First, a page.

So that is one of the reasons I left [the Rolling Stones], because I wanted to get involved in all those other things that I loved but didn't have the time to progress with and that's why I wrote books about various different things in archaeology. I found Roman sites that people didn't even know were there. Coins and tons of stuff. I've taken 25,000 photos, you know. And then I found that people wanted to exhibit my photos, so that's what I do now. I've had about eight of them and that's all part of this book, you know? This book's my eighth book and it just explains to anybody that doesn't know me or even people that do know me the scope of my life, which has been amazing. I just want to share it.

Where do you keep all of this stuff?
I'm not telling you. (laughs)

Some storage building somewhere?
Certainly not. There's an underground vault.

What about the props you guys used to use on the road? Do you have any?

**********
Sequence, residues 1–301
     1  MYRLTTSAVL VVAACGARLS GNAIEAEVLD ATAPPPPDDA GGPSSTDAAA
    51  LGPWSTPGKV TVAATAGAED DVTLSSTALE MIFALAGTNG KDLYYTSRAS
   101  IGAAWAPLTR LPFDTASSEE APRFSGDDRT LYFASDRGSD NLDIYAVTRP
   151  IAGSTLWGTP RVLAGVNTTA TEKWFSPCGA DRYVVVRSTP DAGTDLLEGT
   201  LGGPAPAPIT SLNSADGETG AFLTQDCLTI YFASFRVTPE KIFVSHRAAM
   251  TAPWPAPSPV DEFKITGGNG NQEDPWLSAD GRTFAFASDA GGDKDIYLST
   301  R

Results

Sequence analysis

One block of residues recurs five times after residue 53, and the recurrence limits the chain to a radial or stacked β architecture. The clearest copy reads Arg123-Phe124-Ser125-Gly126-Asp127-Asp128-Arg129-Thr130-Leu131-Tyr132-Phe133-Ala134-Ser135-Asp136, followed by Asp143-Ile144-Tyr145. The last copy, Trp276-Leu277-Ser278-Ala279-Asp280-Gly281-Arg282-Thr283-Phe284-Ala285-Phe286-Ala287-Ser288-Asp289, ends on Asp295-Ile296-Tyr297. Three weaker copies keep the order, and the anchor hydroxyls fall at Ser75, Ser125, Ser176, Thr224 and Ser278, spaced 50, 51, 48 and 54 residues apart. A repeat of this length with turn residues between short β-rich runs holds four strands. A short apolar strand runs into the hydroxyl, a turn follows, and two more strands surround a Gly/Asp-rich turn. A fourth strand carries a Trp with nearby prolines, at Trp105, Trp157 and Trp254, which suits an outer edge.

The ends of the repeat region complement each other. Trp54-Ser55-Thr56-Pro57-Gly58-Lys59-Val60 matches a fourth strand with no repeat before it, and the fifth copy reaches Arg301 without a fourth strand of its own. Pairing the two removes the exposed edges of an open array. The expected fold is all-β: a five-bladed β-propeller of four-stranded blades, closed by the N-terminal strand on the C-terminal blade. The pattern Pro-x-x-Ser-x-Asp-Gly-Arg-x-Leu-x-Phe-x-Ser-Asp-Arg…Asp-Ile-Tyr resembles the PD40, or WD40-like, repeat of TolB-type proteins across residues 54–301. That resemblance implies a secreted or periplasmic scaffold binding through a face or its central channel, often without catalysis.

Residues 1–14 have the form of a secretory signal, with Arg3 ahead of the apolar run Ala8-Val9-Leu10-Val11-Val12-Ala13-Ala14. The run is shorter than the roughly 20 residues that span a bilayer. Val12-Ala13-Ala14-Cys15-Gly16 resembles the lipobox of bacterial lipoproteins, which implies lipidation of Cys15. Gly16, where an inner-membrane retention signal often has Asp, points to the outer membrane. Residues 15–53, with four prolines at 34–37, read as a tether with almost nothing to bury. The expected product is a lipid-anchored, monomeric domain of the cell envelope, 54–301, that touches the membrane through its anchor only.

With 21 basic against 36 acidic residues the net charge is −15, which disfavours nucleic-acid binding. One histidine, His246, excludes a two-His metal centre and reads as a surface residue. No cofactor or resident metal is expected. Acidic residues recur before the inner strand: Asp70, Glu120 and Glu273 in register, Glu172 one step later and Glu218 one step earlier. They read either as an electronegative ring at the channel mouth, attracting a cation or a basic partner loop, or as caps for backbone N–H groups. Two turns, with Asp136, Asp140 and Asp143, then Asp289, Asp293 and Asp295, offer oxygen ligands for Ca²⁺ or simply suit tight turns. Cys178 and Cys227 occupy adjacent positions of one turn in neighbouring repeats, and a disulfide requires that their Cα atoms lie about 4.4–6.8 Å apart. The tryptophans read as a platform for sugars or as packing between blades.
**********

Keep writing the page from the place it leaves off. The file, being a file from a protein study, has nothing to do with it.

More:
No, no, of course not. No. They were not mine particularly. I keep my stage clothes and all kinds of stuff like that: thousands of posters, guitars. I've got my homemade bass, which I made in '61, before the Stones, which was the first fretless bass ever made. I didn't know I made a fretless bass until they started to make fretless basses six years later. There's just lots of things that happened in my life. Some amazing things happened to me. I've always been very fortunate that, whenever I put my hand to something, something amazing happens. I meet incredible people and I go off on these fantastic tangents with other projects and it's so exciting. It's much better than just playing rock & roll all your life. You know, that's why I wanted to move on. I think that is shown in the book, if you really sort of get into the book.